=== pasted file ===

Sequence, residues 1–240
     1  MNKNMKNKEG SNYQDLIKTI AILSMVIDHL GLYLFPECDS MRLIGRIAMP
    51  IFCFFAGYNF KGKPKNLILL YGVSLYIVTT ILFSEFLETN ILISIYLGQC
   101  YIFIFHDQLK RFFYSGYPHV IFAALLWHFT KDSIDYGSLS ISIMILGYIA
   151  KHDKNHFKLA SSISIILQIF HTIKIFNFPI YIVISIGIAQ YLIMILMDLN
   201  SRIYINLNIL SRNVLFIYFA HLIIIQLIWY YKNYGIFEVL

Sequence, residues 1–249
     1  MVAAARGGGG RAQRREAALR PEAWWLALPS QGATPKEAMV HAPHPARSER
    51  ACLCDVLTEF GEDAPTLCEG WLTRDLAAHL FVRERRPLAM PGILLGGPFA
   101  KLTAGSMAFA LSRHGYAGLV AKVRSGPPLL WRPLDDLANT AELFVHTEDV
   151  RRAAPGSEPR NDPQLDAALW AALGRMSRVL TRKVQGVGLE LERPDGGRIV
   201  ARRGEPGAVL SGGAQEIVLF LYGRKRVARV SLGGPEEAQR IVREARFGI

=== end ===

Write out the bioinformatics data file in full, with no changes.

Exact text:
Sequence, residues 1–240
     1  MNKNMKNKEG SNYQDLIKTI AILSMVIDHL GLYLFPECDS MRLIGRIAMP
    51  IFCFFAGYNF KGKPKNLILL YGVSLYIVTT ILFSEFLETN ILISIYLGQC
   101  YIFIFHDQLK RFFYSGYPHV IFAALLWHFT KDSIDYGSLS ISIMILGYIA
   151  KHDKNHFKLA SSISIILQIF HTIKIFNFPI YIVISIGIAQ YLIMILMDLN
   201  SRIYINLNIL SRNVLFIYFA HLIIIQLIWY YKNYGIFEVL

Sequence, residues 1–249
     1  MVAAARGGGG RAQRREAALR PEAWWLALPS QGATPKEAMV HAPHPARSER
    51  ACLCDVLTEF GEDAPTLCEG WLTRDLAAHL FVRERRPLAM PGILLGGPFA
   101  KLTAGSMAFA LSRHGYAGLV AKVRSGPPLL WRPLDDLANT AELFVHTEDV
   151  RRAAPGSEPR NDPQLDAALW AALGRMSRVL TRKVQGVGLE LERPDGGRIV
   201  ARRGEPGAVL SGGAQEIVLF LYGRKRVARV SLGGPEEAQR IVREARFGI